Title

Osteoblast function is compromised at sites of focal bone erosion in inflammatory arthritis

UMMS Affiliation

Department of Medicine, Division of Rheumatology

Date

9-2009

Document Type

Article

Medical Subject Headings

Animals; Arthritis, Rheumatoid; Base Sequence; Calcification, Physiologic; DNA Primers; Disease Models, Animal; Glycoproteins; Immunohistochemistry; In Situ Hybridization; Intercellular Signaling Peptides and Proteins; Mice; Osteoblasts; Polymerase Chain Reaction; Wnt Proteins

Disciplines

Cell and Developmental Biology | Cells | Cellular and Molecular Physiology | Molecular Genetics | Musculoskeletal Diseases | Rheumatology | Skin and Connective Tissue Diseases

Abstract

In rheumatoid arthritis (RA), synovial inflammation results in focal erosion of articular bone. Despite treatment attenuating inflammation, repair of erosions with adequate formation of new bone is uncommon in RA, suggesting that bone formation may be compromised at these sites. Dynamic bone histomorphometry was used in a murine model of RA to determine the impact of inflammation on osteoblast function within eroded arthritic bone. Bone formation rates at bone surfaces adjacent to inflammation were similar to those observed in nonarthritic bone; therefore, osteoblast activity is unlikely to compensate for the increased bone resorption at these sites. Within arthritic bone, the extent of actively mineralizing surface was reduced at bone surfaces adjacent to inflammation compared with bone surfaces adjacent to normal marrow. Consistent with the reduction in mineralized bone formation, there was a notable paucity of cells expressing the mid- to late stage osteoblast lineage marker alkaline phosphatase, despite a clear presence of cells expressing the early osteoblast lineage marker Runx2. In addition, several members of the Dickkopf and secreted Frizzled-related protein families of Wnt signaling antagonists were upregulated in arthritic synovial tissues, suggesting that inhibition of Wnt signaling could be one mechanism contributing to impaired osteoblast function within arthritic bone. Together, these data indicate that the presence of inflammation within arthritic bone impairs osteoblast capacity to form adequate mineralized bone, thus contributing to the net loss of bone and failure of bone repair at sites of focal bone erosion in RA.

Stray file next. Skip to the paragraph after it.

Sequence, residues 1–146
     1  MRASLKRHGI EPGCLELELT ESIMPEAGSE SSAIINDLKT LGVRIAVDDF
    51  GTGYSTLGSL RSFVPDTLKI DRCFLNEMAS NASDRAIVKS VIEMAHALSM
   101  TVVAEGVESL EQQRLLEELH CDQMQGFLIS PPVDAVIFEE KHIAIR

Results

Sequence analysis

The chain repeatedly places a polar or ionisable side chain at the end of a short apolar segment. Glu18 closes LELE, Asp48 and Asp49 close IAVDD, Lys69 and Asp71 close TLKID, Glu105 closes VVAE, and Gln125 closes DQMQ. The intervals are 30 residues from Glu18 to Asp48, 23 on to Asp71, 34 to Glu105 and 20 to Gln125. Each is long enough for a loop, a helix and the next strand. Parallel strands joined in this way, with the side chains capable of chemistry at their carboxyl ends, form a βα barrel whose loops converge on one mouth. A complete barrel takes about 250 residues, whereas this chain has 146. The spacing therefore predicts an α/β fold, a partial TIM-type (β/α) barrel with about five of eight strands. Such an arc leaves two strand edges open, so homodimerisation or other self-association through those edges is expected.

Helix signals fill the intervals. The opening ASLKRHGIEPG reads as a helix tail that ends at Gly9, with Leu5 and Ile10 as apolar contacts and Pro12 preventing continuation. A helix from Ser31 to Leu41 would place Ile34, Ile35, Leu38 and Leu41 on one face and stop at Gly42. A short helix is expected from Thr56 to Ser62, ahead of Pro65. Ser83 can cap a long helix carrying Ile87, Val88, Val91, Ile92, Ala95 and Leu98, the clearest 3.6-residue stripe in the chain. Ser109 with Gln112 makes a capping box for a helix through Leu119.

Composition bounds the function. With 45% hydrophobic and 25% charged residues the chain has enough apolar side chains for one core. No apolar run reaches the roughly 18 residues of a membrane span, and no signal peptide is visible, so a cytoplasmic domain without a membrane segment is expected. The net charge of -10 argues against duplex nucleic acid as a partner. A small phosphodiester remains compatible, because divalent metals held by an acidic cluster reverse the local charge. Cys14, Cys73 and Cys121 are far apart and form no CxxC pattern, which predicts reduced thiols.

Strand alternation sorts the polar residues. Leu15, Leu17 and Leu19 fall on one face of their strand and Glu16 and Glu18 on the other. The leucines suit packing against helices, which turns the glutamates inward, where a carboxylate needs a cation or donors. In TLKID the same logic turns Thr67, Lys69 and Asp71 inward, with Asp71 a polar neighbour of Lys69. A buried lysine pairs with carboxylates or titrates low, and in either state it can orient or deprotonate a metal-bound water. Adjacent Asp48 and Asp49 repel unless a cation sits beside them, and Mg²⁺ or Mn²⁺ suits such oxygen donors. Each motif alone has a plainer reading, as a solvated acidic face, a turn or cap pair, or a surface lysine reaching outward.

Rights and Permissions

Citation: J Bone Miner Res. 2009 Sep;24(9):1572-85. doi: 10.1359/jbmr.090320. Link to article on publisher's site

Related Resources

Link to Article in PubMed

PubMed ID

19338457